Marijuana sales in Nevada exceed stores’ expectations
Eager pot customers on Monday again lined up before dispensaries opened their doors. Some were looking to make their first purchase since Saturday, and others were shopping for seconds. Tourists and locals alike have taken advantage of the change in state law.
“I’m a very happy with the way sales have gone and continue to go, especially when you consider that the word didn’t really get out ahead of time.” said Andrew Jolley, president of the Nevada Dispensary Association and a store owner. “The public really only had a couple of weeks’ notice, whereas Colorado had a full year to prepare.”
Nevada voters approved legalizing recreational pot in November, but regulations needed before the sales could start weren’t approved until the past two weeks. The state later this week will release a report regarding the unannounced enforcement inspections that were conducted Saturday at dispensaries across the state.
The demand for recreational marijuana has been such that dispensaries had to turn away customers in line over the weekend, and at least one extended its hours of operation. Dispensaries reported wait times of 45 minutes to an hour Saturday afternoon and up to 20 minutes Sunday.
The Euphoria Wellness dispensary had 50 people waiting to make purchases midmorning Monday. Its marketing coordinator, Jim Ferrence, said budtenders helped at least 1,000 customers during the first two days of legal recreational pot sales.
Customers on average bought a quarter of an ounce of marijuana flowers and a sampling of various edibles and concentrates, Ferrence said. “Everyone was calm, cool and collected. No unruly crowds at all,” he said.
Those 21 and older with a valid ID can buy up to an ounce of pot. As of Friday, the state had licensed 44 dispensaries to sell recreational marijuana. Thirty-nine of those shops are in the Las Vegas area.
More than 42 million tourists flock for business and pleasure to Las Vegas every year. They along with visitors to the rest of Nevada are expected to make nearly two of every three recreational pot purchases in the state.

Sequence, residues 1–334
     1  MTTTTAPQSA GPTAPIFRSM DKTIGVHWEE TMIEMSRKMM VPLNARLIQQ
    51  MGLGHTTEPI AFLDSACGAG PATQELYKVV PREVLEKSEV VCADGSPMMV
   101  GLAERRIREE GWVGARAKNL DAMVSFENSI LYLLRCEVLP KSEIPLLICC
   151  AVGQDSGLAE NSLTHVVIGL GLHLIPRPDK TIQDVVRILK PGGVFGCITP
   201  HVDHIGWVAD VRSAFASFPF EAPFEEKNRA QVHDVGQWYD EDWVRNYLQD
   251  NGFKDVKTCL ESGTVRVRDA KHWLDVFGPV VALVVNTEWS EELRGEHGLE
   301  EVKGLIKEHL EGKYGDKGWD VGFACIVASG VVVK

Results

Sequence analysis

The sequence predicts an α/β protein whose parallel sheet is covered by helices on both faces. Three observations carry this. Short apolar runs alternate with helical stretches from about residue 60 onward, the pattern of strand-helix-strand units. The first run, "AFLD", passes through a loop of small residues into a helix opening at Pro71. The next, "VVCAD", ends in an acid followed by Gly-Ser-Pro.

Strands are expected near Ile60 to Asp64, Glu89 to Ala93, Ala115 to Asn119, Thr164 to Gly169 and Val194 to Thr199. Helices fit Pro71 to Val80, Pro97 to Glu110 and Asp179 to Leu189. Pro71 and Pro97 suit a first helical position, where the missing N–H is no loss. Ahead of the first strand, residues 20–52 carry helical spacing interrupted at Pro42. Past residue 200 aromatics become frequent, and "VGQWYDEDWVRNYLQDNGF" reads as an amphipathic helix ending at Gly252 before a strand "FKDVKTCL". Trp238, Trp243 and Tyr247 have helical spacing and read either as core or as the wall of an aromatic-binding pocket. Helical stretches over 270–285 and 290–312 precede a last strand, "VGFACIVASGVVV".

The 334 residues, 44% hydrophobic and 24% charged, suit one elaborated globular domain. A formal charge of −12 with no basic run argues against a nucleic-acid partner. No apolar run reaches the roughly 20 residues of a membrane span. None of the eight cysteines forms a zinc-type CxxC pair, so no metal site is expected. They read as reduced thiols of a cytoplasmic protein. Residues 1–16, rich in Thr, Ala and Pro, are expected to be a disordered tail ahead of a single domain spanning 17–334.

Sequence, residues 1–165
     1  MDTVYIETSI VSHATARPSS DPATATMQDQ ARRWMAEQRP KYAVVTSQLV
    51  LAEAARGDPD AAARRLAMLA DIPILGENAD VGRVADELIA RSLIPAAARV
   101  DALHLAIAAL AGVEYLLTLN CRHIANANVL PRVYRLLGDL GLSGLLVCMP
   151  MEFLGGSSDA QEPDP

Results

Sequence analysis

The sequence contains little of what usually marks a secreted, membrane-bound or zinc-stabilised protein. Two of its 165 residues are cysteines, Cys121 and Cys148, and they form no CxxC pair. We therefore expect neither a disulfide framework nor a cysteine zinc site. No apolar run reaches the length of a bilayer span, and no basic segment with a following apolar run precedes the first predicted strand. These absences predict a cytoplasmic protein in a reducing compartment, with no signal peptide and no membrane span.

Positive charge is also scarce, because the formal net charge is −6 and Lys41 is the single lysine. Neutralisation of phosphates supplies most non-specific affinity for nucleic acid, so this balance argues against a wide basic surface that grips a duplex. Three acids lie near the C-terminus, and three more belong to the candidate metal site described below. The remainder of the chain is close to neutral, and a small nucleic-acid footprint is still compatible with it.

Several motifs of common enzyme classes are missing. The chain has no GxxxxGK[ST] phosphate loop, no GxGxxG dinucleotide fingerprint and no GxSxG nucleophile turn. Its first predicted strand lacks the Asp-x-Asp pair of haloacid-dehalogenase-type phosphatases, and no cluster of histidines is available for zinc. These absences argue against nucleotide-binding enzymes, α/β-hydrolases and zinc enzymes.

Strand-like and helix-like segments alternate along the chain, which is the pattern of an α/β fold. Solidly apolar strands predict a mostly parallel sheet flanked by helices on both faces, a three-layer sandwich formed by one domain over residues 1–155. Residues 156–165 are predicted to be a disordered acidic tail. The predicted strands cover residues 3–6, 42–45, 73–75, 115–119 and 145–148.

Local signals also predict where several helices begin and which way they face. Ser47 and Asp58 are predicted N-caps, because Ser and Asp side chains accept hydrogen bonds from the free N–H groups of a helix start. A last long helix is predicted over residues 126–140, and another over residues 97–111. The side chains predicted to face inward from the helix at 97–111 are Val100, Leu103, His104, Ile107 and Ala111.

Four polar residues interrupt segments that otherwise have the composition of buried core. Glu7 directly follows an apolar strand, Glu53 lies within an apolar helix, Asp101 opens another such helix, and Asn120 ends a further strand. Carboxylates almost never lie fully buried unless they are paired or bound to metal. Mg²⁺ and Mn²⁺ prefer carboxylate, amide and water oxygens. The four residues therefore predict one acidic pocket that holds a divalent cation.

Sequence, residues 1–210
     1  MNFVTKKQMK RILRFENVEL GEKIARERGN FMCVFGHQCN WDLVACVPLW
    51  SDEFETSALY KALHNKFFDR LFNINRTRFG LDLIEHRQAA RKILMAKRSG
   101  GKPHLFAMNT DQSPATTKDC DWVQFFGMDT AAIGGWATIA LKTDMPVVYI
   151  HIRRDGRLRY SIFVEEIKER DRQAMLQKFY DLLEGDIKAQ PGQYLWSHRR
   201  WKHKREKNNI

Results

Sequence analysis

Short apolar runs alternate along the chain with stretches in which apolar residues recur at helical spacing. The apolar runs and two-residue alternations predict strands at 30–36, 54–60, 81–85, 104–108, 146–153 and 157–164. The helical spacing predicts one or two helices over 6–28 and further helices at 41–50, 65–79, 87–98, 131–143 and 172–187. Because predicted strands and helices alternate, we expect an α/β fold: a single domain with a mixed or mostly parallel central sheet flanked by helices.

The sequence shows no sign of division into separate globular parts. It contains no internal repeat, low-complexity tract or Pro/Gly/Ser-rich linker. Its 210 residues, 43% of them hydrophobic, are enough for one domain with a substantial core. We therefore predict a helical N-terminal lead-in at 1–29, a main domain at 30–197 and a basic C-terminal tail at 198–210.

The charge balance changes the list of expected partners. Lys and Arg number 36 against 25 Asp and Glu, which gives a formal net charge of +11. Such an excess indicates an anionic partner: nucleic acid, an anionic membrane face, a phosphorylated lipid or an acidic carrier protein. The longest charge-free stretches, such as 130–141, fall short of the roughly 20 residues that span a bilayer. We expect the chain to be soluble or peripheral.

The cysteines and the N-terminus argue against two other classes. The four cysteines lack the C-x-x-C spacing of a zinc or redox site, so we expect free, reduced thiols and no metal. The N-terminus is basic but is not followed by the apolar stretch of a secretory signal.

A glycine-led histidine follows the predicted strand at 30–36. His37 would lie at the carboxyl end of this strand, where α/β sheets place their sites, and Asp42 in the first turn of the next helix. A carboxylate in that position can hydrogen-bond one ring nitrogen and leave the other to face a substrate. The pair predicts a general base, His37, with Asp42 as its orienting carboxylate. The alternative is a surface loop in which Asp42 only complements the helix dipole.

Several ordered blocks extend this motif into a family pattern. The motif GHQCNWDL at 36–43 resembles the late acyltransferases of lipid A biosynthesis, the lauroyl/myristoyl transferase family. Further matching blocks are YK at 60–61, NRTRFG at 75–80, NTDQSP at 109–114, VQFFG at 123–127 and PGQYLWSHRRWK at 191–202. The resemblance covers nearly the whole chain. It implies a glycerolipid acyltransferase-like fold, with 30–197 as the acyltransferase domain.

But people can only use the drug in a private home as it remains illegal to consume it in public, including the Strip, hotels and casinos. Violators face a misdemeanor citation and a $600 fine.
Fifteen tourists on Monday hopped on a bus for a three-hour tour of dispensaries in the Las Vegas area. The “Cannabus” took the visitors to two stores with whom they have an agreement to allow riders to skip the lines.
The recreational marijuana sales did not cause Las Vegas police a headache over the weekend. The department did not deploy additional officers and does not track misdemeanor citations, officer Larry Hadfield on Monday said.
“It was business as usual,” he said. “Everything went smooth as far as we can tell.”
The state stands to earn millions from the sales of recreational marijuana, but the tax collection data won’t be available for several weeks.
Nevada joins Colorado, Oregon, Washington and Alaska in allowing adults to buy the drug that’s still banned by the federal government. The market in the Silver State is expected to outpace all others in the U.S., at least until California starts its sales.
“With all due respect to Denver, Seattle, and Portland, Las Vegas is already the party capital of the world, and this is just an extension of that,” Ferrence said. “There’s no question that the demand is ever going to relent.”